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Unfortunately, the "you touched it, you own it" principle applies here. If you are dealing with a reasonable customer, you should be able to work out a compromise, but it doesn't sound like you are in that situation. Do you want to keep this customer? Will they trash your reputation if they aren't happy with your solution? Most shop owners have had to bite the bullet on similar situations just to make them go away. The problem is knowing when to back away from an ugly vehicle that may have multiple problems, but nothing offends a customer more than telling them you don't want to work on their car. There is no correct answer here. You have to cut your losses and move on to profitable work.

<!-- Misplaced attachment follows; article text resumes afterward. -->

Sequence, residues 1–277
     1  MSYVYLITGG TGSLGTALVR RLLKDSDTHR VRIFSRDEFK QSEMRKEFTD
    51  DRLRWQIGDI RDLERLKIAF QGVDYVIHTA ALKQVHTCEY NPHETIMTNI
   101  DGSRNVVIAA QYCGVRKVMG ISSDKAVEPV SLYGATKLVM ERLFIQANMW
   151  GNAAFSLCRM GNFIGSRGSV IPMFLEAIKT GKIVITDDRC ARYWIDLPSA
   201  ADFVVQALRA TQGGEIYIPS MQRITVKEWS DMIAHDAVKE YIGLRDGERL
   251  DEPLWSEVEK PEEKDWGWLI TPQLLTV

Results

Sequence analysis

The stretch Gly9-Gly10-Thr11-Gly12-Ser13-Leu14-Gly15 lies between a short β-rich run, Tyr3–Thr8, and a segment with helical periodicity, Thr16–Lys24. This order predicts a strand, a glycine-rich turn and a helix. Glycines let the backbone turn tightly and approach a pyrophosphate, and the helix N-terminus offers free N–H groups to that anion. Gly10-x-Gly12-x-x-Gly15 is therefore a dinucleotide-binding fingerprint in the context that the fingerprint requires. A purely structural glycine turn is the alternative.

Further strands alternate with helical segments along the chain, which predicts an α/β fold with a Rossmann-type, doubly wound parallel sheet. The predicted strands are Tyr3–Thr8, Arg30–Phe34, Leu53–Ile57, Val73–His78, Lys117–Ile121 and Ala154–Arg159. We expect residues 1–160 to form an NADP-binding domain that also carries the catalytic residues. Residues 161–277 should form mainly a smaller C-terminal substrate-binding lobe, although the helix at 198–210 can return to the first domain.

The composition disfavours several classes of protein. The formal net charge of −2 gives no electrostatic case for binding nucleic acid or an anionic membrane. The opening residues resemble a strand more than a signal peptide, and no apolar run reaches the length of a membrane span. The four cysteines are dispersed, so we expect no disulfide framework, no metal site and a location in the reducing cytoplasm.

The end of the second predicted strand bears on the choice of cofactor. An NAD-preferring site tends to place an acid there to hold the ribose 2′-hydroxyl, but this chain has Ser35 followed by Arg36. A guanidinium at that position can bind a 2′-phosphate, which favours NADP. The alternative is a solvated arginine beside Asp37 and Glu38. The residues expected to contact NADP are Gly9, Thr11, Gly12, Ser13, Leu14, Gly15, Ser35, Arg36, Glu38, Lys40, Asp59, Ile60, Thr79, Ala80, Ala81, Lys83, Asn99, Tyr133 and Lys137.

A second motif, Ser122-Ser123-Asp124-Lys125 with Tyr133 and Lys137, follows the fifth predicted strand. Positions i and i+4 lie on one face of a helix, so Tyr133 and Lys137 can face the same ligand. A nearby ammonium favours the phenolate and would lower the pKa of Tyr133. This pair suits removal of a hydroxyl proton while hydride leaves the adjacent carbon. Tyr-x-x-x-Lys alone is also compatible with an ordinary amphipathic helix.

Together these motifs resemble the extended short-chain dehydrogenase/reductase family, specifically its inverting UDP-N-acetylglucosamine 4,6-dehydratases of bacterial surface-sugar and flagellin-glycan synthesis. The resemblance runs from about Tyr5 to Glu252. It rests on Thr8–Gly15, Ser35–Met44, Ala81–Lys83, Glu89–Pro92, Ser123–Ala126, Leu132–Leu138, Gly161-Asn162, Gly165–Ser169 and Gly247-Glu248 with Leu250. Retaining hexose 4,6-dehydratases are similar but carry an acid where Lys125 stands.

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I would install an engine (probably used). You may pour money into a head job again and have similar issues a month later. Install an engine with supplier parts and labor warranty and move on.

 

This is the reason I try to stay away from head jobs, trans repairs etc...

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I just verified it is in fact out of warranty. But I still think I'll cover it. My thought is showing a large discount for labor and the head gasket set, and mention this. Also disclaim that the work is being done outside the warranty period and that the repair was done in good faith and did not offer an additional warranty unless said warranty is offered on cylinder head. I could offer them a credit for the labor and head gasket for labor of the engine replacement. From a customer standpoint how does that sound? My shop is offering my roughly $1000.00 in labor credit, or should I chop it to $500? I'm not so caught up on keeping the customer but I'm pretty caught up on doing the right thing. Pretty rough day, couple warranty jobs that we had no part in the failure lol